At first glance, the all-new, fourth-generation Mazda MX-5 seems to have had a striking sex change, going from the smiley, effervescently effeminate roadster the world has loved a million times over to a mean-eyed, menacingly muscular bantam brawler.
A closer look, however, reveals it’s got slightly less in its trousers, at least in the case of the 1.5-litre, 96kW and 150Nm version we’ve just driven at the car’s Australian launch. And sitting inside it reminds you that this is still a car that fits like a pair of Lycra shorts, compared with the silky boxers of a Boxster.
This entry-level, showroom-bait MX-5 will go on sale at a tempting $31,990 with a slick six-speed manual (or $33,990 for the six-speed automatic).
While the full-fat 2.0-litre version that will arrive in November - priced from $34,490 to $39,550 depending on spec level - is expected to appeal to current MX-5 owners and long-term devotees, the company is hoping that the super-light new model will also win a new legion of fans, and possibly increase the number of women buyers.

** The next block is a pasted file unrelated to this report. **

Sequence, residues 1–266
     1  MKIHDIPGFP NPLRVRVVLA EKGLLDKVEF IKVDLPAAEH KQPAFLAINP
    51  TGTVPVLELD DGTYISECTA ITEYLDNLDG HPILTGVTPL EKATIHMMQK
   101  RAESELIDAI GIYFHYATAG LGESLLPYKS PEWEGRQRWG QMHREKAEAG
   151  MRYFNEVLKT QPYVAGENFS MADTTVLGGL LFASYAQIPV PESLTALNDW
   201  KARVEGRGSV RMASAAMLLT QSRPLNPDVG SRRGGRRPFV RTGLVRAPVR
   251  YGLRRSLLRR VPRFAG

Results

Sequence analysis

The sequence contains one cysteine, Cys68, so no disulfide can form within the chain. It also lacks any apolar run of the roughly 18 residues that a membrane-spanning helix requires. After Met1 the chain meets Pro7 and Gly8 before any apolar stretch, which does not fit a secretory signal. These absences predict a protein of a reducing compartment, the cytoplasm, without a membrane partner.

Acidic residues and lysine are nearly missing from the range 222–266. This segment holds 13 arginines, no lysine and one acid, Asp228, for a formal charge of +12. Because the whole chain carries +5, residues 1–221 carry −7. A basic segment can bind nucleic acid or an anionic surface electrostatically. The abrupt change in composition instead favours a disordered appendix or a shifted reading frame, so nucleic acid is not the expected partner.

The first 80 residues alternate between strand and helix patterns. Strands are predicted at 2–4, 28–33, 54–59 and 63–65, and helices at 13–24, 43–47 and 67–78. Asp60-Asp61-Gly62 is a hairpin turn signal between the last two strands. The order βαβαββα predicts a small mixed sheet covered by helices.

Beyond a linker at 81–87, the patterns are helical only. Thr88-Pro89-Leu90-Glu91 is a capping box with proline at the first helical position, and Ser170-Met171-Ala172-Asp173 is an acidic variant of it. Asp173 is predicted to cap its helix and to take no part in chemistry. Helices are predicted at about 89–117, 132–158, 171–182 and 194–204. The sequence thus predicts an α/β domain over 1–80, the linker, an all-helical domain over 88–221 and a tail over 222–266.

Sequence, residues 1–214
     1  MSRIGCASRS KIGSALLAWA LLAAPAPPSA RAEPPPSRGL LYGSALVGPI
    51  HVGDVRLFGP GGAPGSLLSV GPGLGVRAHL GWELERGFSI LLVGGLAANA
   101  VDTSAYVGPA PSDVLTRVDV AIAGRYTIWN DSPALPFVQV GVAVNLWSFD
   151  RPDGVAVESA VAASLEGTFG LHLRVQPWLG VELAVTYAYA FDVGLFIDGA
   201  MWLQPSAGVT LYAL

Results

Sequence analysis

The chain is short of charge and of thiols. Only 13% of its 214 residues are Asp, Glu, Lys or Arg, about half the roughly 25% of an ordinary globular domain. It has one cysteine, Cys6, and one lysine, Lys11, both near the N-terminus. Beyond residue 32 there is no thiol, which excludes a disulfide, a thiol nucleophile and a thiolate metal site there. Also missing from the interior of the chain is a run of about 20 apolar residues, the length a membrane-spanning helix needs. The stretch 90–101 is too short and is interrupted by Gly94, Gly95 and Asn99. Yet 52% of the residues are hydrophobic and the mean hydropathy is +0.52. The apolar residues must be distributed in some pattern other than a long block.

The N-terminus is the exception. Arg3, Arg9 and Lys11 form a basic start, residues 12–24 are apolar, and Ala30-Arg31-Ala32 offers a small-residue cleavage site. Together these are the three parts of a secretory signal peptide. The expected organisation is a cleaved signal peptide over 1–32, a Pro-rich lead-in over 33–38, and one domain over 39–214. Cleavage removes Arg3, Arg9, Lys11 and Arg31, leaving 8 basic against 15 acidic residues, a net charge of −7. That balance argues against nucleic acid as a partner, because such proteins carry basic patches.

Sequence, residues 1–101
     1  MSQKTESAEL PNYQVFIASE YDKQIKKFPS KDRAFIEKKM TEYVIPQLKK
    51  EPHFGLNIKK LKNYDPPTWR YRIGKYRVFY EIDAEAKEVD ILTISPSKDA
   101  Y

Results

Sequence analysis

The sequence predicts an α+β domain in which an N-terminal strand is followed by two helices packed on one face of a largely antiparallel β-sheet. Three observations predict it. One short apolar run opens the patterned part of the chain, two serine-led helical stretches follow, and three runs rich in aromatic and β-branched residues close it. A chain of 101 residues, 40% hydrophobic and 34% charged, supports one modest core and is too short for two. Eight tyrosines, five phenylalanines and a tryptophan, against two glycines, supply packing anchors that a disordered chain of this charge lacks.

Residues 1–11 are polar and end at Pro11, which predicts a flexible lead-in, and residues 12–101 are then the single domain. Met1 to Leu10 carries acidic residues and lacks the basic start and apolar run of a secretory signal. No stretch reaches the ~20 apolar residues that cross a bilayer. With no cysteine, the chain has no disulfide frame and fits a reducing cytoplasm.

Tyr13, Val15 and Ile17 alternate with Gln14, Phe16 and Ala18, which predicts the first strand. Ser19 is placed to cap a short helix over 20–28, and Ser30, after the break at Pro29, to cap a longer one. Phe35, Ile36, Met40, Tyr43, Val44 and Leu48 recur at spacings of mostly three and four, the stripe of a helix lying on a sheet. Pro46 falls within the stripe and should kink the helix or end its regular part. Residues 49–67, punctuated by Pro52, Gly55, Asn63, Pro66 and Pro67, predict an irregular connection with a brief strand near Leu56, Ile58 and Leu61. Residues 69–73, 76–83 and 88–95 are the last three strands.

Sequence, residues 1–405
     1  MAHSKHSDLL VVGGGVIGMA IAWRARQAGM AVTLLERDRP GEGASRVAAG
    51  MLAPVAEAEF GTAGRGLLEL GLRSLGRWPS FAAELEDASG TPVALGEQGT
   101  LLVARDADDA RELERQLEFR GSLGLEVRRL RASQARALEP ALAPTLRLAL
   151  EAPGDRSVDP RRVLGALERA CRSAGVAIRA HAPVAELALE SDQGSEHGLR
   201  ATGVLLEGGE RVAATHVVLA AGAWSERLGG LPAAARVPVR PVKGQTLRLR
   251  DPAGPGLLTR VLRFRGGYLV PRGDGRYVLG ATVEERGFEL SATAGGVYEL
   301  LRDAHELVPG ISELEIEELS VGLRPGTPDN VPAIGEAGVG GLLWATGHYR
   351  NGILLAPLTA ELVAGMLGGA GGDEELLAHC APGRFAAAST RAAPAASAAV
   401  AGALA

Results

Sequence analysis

Mazda’s entire Australian range skews more than 50 per cent female (with the exception of the BT-50), yet the last MX-5 sat at 70-30 in favour of men, despite its cutesy looks.
The reason for that, we might surmise, is that more men were attracted to its purist’s pleasures - the Mazda roadster was responsive, rear-wheel drive and riotously good fun.
A 1.5-litre version might be expected to fall short on that fun factor, but thanks to a ruthless weight-chopping policy - called “gram theory” - that sees even the seat-slide adjusters shrinking to the size of electric-guitar whammy bars, this new ND model weighs just 1009kg, only 7kg more than the original NA model from 1989.
The power-to-weight argument should therefore be in its favour, except that we somewhat negated the gram theory by throwing the hefty kilograms of two motoring journalists into it, adding some 20 per cent to the load this relatively breezy engine was asked to carry.
It’s an extremely willing unit, though, and one of this car’s greatest joys is that you can spend so much time with your foot flat to the firewall, watching the tacho spin right into the needle at 8000rpm, while the engine buzzes happily away.